IT security experts call for national e-crime unit

IT security experts call for national e-crime unit

Sixty-five per cent of ISSA members say policing of e-crime in the UK is inadequate

Not one member of the Information Systems Security Association (ISSA) – the largest group of IT security professionals in the UK - believes the country to be adequately equipped to deal with e-crime.

And nearly two thirds (65 per cent) believe the current situation is wholly inadequate.

The results are a strong message to the government, said Geoff Harris, UK president of the ISSA.

"As increasing numbers of the criminal fraternity become aware of this weakness in UK law enforcement capability, the gap between safe online e-commerce and e-crime will continue to spiral out of control," he said.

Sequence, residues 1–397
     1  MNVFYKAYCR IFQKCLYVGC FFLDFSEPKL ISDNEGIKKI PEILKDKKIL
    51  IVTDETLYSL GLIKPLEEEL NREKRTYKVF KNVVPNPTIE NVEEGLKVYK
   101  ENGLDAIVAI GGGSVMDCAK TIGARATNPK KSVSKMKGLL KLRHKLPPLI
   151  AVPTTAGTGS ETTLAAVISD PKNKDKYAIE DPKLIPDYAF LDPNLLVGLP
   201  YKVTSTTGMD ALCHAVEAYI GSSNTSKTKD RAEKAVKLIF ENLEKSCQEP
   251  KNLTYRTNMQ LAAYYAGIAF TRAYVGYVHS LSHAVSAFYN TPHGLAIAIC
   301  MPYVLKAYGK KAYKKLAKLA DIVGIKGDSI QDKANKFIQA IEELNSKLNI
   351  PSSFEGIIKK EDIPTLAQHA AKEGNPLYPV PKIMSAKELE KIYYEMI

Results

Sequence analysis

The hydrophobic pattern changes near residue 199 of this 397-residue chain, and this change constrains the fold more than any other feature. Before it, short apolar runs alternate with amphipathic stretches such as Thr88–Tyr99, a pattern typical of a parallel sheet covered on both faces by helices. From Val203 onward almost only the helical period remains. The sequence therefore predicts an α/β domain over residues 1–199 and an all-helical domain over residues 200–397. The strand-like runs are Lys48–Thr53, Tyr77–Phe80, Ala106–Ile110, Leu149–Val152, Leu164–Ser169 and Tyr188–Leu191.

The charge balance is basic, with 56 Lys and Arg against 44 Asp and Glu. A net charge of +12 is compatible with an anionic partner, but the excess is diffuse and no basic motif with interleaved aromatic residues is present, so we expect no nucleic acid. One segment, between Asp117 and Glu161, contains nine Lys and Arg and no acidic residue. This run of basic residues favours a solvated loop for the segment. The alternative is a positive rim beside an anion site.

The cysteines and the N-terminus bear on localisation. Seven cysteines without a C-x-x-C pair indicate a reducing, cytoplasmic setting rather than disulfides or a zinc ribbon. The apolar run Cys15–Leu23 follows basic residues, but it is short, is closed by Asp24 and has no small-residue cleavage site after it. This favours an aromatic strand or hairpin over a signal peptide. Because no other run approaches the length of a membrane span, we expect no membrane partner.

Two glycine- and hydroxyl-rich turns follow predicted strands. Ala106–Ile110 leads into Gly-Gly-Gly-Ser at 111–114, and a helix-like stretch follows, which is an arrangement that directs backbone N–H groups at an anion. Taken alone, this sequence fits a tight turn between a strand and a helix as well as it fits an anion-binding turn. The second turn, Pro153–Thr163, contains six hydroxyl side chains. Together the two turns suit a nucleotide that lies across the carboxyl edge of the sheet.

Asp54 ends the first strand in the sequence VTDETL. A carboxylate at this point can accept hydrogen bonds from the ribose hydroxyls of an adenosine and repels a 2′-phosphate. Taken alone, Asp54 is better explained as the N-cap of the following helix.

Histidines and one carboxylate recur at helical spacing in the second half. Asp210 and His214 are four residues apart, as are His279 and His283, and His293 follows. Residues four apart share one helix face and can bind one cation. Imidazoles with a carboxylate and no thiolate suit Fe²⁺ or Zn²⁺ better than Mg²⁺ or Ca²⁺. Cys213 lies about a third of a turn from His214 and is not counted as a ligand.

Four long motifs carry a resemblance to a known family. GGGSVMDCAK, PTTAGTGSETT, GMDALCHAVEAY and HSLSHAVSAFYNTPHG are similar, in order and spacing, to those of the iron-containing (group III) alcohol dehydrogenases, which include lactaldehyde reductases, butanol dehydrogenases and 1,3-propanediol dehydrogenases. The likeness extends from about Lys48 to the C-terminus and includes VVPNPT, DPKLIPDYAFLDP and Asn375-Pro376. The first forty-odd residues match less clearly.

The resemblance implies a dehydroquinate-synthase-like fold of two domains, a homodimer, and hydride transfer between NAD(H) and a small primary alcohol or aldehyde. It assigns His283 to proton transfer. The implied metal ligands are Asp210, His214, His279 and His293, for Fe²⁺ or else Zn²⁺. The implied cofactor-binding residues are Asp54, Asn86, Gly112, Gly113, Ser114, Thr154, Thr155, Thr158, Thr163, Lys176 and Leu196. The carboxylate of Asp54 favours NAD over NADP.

In April 2006, the former National Hi-Tech Crime Unit (NHTCU) was rolled into the Serious Organised Crime Agency (Soca), leaving a once-strong area of law enforcement to crumble, according to Harris.

"During the rise of the dot com era, the UK police pioneered world-class technical expertise and focus to investigate e-crime," he said. "It is a great shame that what we once had, we have now lost.”

The set up of a new national co-ordination unit is currently pending Home Office approval for funding - though private sector investment could be available should the Home Office reject the business case.